Dr. Romance in Cairo, Friday, 11/30/07 Up at 6:30 AM we look out the balcony to see -- nothing. A pea-soup fog has descended over Cairo. We stagger onto the bus, and drive a few blocks to "The Pharoahs"
fancifully decorated barges upon which we sail on the Nile, while eating breakfast. There's a sausage-looking thing on the banquet table, and I ask about it -- it's a date! We only see dates that are dried and cured in the states, but this one is fresh. I bite into it, and it's awful -- a bitter, mouth-puckering taste. Egyptians eat them, but I won't.
The fog is clearing, but still too thick to take photos, so we content ourselves with the Pharonic replicas on the boat, and also take photos of us steering the boat.
The sense of Unreality that will mark this day begins here. It's so hard to believe we're sailing on the Nile, the very river Cleopatra used for a main highway. After an hour of cruising, resting and eating, we're happy to get back on the bus.
Another long, but pleasant countryside drive, to Sakkara. Lamia says customs are much more strict here. We pass many lovely small mosques, beautifully decorated. The Step Pyramid of Sakkara is the oldest known of Egypt's 107 pyramids (Lamia says there are supposed to be over 200 and asks us to look for the missing ones) and built by Imhotep. This was an important step in learning to build pyramids.
We enter a small temple filled with two rows of thick sandstone columns, which opens out into a great courtyard with the gigantic step pyramid on the right, across the open space. Again the feeling of unreality descends, as if we're on some movie set. I have read and heard about these things since grammar school. (My 6th grade class project involved copying hieroglyphs onto the walls of a pretend pyramid) and to be here is unbelievable. The hectic pace of this tour heightens the sense of illusion. But it is real, I can touch the rock walls. It's inconceivable that a people without modern machinery could move and stack these massive thousand-pound blocks of granite. The many vendors here are real enough -- everything is "one dollah American" because it's the end of the ship tourist season.
Mostly Egyptian and European tourists will come here now, by plane, because this is the coolest time of year here.
The next stop is "the company store" -- the approved shopping place turns out to be lovely, huge, and packed with handcrafts and jewelry. Cartouches are surprisingly reasonable, and we each order a silver one with gold glyphs. The heiroglyphs for Tina are a rising sun, a feather, a wavy line, and an eagle. On the handcrafts side, they actually will bargain, so we get some things and feel OK about the prices.
Back into the busses and back to Giza, with quite a bit less traffic because of the holy day. the Cheops pyramid, the largest of the three is awesome. It was constructed in 2500 BC, covers 13 acres of land at its base, and is made of 2,300,000 2.5 ton blocks of stone. It is the only survivor of the 7 ancient wonders of the world. Two respectfully smaller pyramids, those of Cheop's son, Chephren, and his grandson, Mycerinus, are nearby. The trio are really impressive.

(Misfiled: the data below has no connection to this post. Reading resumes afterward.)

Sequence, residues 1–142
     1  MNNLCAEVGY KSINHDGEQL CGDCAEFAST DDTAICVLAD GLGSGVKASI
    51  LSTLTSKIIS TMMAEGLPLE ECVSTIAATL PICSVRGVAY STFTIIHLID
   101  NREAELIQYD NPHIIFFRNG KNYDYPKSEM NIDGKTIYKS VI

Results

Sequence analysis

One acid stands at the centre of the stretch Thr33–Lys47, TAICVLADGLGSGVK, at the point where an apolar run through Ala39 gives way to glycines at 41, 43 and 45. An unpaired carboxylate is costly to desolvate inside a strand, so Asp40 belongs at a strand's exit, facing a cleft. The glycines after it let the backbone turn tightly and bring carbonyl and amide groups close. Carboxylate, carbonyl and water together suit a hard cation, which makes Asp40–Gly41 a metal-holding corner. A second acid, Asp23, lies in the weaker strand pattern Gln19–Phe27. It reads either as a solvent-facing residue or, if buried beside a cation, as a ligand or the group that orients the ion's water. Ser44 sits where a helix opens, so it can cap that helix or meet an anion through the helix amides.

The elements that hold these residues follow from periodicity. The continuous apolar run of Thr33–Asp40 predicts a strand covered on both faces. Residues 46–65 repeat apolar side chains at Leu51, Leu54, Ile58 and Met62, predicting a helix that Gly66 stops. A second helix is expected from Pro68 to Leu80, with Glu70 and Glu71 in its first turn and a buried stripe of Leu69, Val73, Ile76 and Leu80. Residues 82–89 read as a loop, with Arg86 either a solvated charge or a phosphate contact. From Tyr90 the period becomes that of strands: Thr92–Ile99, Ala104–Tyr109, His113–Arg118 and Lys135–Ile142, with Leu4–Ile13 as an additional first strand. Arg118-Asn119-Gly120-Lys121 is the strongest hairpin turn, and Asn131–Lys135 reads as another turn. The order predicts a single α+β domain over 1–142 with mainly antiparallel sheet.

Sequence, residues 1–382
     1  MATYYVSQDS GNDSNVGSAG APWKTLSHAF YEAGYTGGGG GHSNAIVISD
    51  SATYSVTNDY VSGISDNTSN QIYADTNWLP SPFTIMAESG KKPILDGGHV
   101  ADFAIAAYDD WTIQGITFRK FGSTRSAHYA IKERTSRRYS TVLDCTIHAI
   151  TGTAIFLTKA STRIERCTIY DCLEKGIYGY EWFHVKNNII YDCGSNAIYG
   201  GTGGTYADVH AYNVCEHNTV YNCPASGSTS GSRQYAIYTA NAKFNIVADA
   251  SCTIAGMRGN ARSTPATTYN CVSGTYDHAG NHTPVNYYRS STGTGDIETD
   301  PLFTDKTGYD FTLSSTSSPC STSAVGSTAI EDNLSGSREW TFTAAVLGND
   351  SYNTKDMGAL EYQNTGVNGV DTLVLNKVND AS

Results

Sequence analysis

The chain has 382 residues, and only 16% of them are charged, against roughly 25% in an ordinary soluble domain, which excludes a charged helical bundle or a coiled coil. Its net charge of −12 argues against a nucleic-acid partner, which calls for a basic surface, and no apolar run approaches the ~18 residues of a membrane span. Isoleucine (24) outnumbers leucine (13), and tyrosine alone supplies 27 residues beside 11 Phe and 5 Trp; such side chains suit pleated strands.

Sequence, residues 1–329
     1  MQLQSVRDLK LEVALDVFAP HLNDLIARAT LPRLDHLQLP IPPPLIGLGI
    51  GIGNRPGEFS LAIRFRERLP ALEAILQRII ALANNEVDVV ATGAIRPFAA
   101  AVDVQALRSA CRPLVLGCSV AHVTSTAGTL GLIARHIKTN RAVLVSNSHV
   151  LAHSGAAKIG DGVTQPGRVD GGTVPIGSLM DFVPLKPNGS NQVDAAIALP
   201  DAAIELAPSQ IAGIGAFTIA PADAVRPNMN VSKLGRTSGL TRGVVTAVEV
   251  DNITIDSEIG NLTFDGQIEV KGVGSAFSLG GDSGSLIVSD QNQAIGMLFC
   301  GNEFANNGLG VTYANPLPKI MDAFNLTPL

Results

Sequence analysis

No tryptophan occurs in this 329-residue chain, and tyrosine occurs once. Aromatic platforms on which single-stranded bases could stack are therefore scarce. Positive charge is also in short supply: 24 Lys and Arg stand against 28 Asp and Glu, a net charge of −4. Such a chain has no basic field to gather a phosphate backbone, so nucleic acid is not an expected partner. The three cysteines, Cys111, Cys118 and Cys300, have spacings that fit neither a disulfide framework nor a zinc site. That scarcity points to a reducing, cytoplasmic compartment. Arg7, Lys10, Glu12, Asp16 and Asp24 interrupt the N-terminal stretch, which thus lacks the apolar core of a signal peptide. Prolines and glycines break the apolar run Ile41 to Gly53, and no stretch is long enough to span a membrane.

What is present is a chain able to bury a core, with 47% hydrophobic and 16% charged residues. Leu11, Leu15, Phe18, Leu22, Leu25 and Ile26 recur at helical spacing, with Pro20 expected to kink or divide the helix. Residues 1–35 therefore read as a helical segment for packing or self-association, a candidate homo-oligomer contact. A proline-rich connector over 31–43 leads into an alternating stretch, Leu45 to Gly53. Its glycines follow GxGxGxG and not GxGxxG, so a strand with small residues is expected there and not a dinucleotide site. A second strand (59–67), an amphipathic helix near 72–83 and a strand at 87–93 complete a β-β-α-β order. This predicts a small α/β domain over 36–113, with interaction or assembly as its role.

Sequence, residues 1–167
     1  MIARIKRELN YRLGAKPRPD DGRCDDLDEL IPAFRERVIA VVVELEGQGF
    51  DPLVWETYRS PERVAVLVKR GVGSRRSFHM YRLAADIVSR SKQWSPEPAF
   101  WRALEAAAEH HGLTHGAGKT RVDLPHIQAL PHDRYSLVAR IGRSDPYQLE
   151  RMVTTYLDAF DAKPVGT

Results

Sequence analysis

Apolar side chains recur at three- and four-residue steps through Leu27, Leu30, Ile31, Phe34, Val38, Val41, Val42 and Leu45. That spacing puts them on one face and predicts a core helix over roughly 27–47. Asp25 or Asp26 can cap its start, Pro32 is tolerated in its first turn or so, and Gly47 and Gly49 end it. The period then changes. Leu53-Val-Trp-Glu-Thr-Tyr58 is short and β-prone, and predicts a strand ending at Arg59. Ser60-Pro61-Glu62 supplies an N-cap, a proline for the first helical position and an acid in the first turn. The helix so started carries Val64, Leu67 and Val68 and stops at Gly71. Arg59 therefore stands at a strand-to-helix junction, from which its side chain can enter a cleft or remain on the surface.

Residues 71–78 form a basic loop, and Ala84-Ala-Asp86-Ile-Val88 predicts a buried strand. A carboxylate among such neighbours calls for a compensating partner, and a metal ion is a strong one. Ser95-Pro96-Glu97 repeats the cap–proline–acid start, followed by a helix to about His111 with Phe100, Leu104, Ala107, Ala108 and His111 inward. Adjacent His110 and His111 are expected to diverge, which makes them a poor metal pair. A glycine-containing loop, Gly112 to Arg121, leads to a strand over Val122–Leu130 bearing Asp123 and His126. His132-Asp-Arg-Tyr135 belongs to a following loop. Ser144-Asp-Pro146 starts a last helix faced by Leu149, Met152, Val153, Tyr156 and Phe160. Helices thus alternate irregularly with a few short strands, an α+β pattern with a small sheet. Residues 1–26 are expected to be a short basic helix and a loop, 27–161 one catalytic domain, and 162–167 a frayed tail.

We begin at an overlook, where we take pictures. There are saddled camels resting nearby, and of course we have to try them. A driver says to me "name is Moses" repeatedly, so I say, "OK, Moses" and he says, "No, not me -- the camel! My name is Ali" So, with effort, I get up on Moses' saddle. Ali leads him a few feet, and asks if I want to go further, but I decline. Richard is on another camel, going in the other direction, so I want to stay close by. They get both camels together, and take several pictures of us.
Then Ali wants Moses to kneel so I can dismount, but Moses has other ideas. Ali (who apparently speaks camel) and Moses snort, spit, grunt and groan at each other for a while, as I bounce up and down in the saddle. A good thing there are two pommels, before and behind me. I hang on for dear life. Then Moses finally gives in, and I try to dismount, but get my right foot caught on the rear pommel. I can hear Richard in the background, having an argument with his driver, but I yell with some urgency, and he comes over. Richard and Ali together manage to get me off Moses' back. I'm certain Moses is relieved. Everyone is now yelling, but thankfully we have our ubiquitous Men in Black, one of whom comes over and tells the camel drivers to back off. We pay for our ride, and get back on the bus. We now smell like camels, which is not a good thing.
Next stop, down the hill, is right at the three pyramids. It is possible to go inside but not recommended for those who are claustrophobic or have respiratory problems. Richard and I decline. I'm still having some bronchial issues from the California fire smoke, and Richard has allergies. Lamia says there's nothing to see in there -- you just get "a feeling." My feeling is that all of this is still unreal. I look down at my shoes, which are covered with sand, and realize I have the sand of the ancients on and under my feet. For some reason, this makes everything more real, and I snap a picture of my sandy shoes.
Next, we're going down to the Sphynx (to be continued)